Who Are Indigenous Peoples
According to the United Nations, there are approximately 400 million Indigenous people worldwide, making up more than 5,000 distinct tribes. Together we are one of the largest minority groups in the world, spanning over 90 countries. While Indigenous Peoples total only about 6% of the world’s population, we represent 90% of the cultural diversity.
INDIGENOUS PEOPLES HOLD 20% OF THE EARTH’S LAND MASS. THAT LAND HARBORS 80% OF THE WORLD’S REMAINING BIODIVERSITY.
DEFINING INDIGENOUS PEOPLES
There is no rigid definition of what makes a group Indigenous, but the United Nations and the International Labour Organization have outlined a few characteristics that usually define an Indigenous group:
● We are descended from the pre-colonial/pre-invasion inhabitants of our region.
● We maintain a close tie to our land in both our cultural and economic practices.
● We suffer from economic and political marginalization as a minority group.
● A group is considered Indigenous if it defines itself that way.
Each Indigenous group is unique. We speak thousands of different languages, and our traditions are as diverse as our lands. However, there are basic principles that all Indigenous communities share. These principles are the foundation of all Indigenous practices, and it is because of them that our economies and our societies are equitable, balanced, and sustainable.
Click here to learn more about How Indigenous Societies Work.
Given that Indigenous lands contain so much of the world’s natural assets, why are we not the wealthiest, healthiest people on Earth?
The answer is clear: we are not simply losing control of our assets, our assets are being stripped from us. At the same time, we are systematically denied access to the legal and political tools to secure our rights. This is the single most unifying issue for all Indigenous Peoples. Regardless of where we live, Indigenous Peoples are suffering from eviction, violence, exclusion, discrimination and disenfranchisement, leading to poverty, health issues, and the destruction of our cultures. Perhaps most detrimental is the widespread perception that we lack the capacity to take care of ourselves. We have been prosperous for the vast majority of our history, and the loss of that prosperity is the only possible result of being completely stripped of our resources and our rights. The same would become of any civilization on Earth if it were to experience the same asset-stripping.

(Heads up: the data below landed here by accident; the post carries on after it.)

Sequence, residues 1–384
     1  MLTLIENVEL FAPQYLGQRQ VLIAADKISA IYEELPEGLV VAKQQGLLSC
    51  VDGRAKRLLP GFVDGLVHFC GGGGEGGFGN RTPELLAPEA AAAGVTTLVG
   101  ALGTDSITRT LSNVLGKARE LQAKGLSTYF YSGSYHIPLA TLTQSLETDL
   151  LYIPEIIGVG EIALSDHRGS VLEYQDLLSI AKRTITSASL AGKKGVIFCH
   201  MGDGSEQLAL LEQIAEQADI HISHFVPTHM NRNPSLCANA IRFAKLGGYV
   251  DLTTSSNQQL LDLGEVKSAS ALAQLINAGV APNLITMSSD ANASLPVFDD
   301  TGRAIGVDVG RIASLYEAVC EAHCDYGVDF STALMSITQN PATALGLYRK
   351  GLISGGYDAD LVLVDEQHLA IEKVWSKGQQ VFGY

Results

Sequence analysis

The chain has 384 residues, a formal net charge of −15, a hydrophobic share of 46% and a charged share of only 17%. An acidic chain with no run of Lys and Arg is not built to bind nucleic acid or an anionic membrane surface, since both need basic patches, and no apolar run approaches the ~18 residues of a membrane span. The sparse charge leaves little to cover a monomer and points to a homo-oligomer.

The perception that Indigenous Peoples lack capacity not only leads to further marginalization, it prevents us from working effectively with non-Indigenous partners, and from acquiring the capital to create change for our communities.
Click here to learn more about the Challenges We Face.
THESE CHALLENGES UNIFY US, AND SO DO THE SOLUTIONS
The idea that Indigenous Peoples lack capacity is a myth. Our traditional knowledge and the strength of our social and economic systems have sustained our existence for thousands of years. We are adaptable and powerful, while remaining dedicated to preserving the whole of life on this planet for generations to come. And now, despite oppression, extreme poverty and exclusion from world development, we have begun to build the world’s first global human rights movement.
The tectonic plates of the global economy have begun to shift toward recognizing the rights of Indigenous Peoples. In 2007, the universal Declaration of the Rights of Indigenous Peoples was adopted by the General Assembly of the United Nations. That same year the shareholders of Newmont Mining voted overwhelmingly to include the interests of Indigenous Peoples in their company’s policies, an unprecedented victory for Indigenous rights. Behind these changes is the largest civil rights movement the world has ever seen, and it’s gaining momentum. Click here to learn about the Global Movement to protect Indigenous communities and their assets.
Also visit our blog for the latest news about Indigenous Peoples worldwide.
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Located on the border of northern Colombia and northwestern Venezuela, the Guajira Peninsula was once an ecologically rich territory, full of tropical rainforests and an array of biodiversity, flowing with a plentiful supply of clean water and air. However, since transnational companies began buying land across the peninsula in the 1980s, principally for coal extraction, […]
The Ponca Nation has lived on the reservation near Ponca City, Oklahoma since the federal government moved the tribe from Nebraska in the 1870s. Ponca City is also home to corporations, factories, and oil refineries that contaminate the environment with toxic chemicals. The fish in the Arkansas River, an important food source for the Ponca […]
You can send propane. Or a generator. You can send a body camera. Or a water bottle. You can send an axe for chopping wood to keep warm. Or respiratory protection. But, please, send something. Today. Sacred Stone Camp P.O. Box 1011 Fort Yates, ND 58538 More here: http://www.huffingtonpost.com/entry/help-standing-rock-sioux-dakota-access-pipeline_us_583480c9e4b000af95eca013